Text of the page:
Another of Jansen’s high-profile moments came with her role as the PC government’s sponsor of Bill 10, which was introduced last December. As it was originally written, the bill allowed students to form gay-straight alliances (GSAs) in schools and would have given school boards the right to refuse such requests, with the only redress available to students being an appeal at the board level and then the courts.

After a loud and sustained public outcry, the government halted the bill, conducted some consultation, and then introduced amendments making it mandatory for schools to allow gay-straight alliances if requested by students.

In a recent Facebook post, Jansen revealed that she was pressured to champion the bill even though she  had “little knowledge about its contents beyond the fact that it didn't make GSAs mandatory.”

“So I made what I believe was the biggest mistake of my political career,” Jansen wrote. “I bowed to the pressure of the premier’s office when I should have stood up to them. I think back on that time now and about how I failed the LGBTQ community in that action and I’m truly sorry. Speaking truth to power is never easy, and the premier’s inner circle had an unmovable agenda. I allowed them to intimidate and silence me. I will never do that again.”

The posting, dated Sept. 20, came after Jansen took criticism in social media for attending Calgary’s Pride parade, with critics saying she wasn’t an ally of the LGBTQ community because of her involvement in Bill 10.

“I felt I needed to set the record straight because I consider myself to be a strong ally,” she said in an interview. She said she had no problem expressing her regrets openly and frankly.

“Too many politicians don’t say what they really mean, and I think the public gets tired of that,” she said.

Education critic

Jansen was the vice-chair of former education minister Jeff Johnson’s Task Force for Teaching Excellence. When the task force was announced, she tweeted that it would “explore new ways to support educators.”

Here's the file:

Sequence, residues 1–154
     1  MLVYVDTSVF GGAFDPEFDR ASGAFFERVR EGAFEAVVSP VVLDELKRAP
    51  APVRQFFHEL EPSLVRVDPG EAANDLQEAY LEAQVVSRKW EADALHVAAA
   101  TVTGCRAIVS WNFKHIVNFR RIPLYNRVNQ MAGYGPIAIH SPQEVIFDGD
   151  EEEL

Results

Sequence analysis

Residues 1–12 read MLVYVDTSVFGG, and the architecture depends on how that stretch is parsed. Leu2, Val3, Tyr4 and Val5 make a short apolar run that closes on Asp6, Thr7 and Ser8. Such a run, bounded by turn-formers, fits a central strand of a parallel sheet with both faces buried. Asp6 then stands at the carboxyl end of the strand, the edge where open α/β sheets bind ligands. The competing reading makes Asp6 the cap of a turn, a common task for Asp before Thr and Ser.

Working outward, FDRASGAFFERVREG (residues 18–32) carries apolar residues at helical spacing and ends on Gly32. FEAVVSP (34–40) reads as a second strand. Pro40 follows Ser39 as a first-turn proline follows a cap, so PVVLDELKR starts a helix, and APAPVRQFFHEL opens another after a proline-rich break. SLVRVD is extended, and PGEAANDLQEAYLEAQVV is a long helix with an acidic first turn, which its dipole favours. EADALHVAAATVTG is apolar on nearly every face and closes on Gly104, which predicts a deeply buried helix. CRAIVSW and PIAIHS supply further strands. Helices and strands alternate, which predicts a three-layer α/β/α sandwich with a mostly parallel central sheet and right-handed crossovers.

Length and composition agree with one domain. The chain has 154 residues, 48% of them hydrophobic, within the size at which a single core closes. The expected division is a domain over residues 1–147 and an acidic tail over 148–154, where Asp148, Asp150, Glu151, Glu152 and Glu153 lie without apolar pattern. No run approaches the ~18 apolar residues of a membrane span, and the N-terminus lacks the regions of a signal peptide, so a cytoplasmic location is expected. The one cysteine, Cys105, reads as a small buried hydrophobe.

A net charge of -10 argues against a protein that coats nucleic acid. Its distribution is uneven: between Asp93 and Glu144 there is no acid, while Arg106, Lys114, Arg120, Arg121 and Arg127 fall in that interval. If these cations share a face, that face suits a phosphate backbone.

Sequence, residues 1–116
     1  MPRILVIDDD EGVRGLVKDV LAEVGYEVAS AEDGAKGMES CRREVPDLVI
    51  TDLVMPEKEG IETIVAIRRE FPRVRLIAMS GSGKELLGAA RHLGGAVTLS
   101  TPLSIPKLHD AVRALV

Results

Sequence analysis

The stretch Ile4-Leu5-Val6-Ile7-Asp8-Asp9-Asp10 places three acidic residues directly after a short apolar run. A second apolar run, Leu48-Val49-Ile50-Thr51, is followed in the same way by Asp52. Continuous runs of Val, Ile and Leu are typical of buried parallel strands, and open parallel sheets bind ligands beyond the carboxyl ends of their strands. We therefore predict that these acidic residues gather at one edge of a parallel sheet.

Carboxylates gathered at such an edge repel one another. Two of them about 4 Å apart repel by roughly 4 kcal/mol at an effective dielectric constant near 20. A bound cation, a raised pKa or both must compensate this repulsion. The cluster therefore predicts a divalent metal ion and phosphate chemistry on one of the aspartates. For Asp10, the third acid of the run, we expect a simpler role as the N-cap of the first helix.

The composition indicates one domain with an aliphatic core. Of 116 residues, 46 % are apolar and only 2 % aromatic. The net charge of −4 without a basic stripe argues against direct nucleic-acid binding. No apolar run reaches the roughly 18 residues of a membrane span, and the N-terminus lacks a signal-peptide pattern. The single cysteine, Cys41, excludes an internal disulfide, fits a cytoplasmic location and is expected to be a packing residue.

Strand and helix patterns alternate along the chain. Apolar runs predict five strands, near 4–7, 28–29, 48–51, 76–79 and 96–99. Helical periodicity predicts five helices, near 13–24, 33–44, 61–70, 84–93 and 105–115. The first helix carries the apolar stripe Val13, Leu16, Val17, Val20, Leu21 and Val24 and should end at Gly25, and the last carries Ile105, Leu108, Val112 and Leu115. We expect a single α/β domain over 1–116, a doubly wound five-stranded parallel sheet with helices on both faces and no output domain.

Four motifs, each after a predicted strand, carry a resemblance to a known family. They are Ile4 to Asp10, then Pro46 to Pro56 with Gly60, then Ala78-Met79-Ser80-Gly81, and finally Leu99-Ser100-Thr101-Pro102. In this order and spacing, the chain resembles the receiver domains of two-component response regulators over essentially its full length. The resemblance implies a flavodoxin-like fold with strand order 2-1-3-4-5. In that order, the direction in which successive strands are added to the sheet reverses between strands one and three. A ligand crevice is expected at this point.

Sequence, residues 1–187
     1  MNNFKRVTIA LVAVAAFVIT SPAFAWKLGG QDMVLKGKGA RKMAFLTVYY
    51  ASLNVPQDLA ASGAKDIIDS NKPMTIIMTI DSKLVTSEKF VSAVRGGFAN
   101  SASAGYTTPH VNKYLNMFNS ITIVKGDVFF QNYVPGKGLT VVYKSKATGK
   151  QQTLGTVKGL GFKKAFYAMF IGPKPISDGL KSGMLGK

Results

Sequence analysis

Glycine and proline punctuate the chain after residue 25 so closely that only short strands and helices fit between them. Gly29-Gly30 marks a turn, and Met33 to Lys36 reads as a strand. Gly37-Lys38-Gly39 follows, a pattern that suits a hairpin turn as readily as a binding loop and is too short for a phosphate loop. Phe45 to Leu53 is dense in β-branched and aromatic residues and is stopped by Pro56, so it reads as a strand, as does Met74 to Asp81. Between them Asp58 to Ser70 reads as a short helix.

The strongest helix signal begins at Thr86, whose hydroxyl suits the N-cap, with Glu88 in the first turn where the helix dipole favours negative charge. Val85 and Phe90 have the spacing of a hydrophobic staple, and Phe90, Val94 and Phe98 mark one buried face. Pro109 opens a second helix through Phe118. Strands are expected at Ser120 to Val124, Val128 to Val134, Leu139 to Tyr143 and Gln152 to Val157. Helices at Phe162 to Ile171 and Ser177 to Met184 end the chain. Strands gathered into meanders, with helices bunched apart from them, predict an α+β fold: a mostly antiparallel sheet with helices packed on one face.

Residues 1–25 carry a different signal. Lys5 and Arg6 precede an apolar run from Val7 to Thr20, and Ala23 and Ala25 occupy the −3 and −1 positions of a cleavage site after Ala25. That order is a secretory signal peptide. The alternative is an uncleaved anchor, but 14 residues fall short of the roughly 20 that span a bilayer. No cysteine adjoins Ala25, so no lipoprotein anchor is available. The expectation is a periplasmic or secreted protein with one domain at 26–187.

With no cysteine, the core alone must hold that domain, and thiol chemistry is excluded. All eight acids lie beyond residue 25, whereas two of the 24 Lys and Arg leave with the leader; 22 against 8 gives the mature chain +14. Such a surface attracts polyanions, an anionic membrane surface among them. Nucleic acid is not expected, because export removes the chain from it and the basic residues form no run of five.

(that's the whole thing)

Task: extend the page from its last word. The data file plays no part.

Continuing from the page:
The report that the task force produced contained several recommendations that the Alberta Teachers’ Association viewed as an attack on the profession. With the change in government, that report is now on the shelf.

After being re-elected by 600 votes in May, Jansen said she asked to be her party’s education critic and was thrilled to get the role. The education portfolio is top of mind for her on two fronts: she has a daughter in high school and she receives many calls about education at her constituency office.

“I have a lot of teachers in Calgary-North West and I know that their experience in the classroom needs to be better,” Jansen said. “My question now is, how do we get to that better experience?”

Jansen said her experience volunteering in her daughter’s class when she was younger showed her first-hand the lack of supports for teachers who are struggling with large groups of students with diverse needs, coupled with a push to provide inclusivity.

“I thought to myself, ‘Wow, teachers aren’t getting enough support in the classroom.’ I think about that all the time,” she said.

During the last legislature sitting, Jansen delivered a member statement calling for the province to ensure that every child receives comprehensive sexual health education that includes discussions about consent and LGBTQ identity. She said she will continue to push for this every chance she gets.

“When we are providing that opportunity for all of our kids in the province, I believe we cut down on bullying, we increase understanding, we raise more compassionate kids ... and we raise healthier kids.” ❚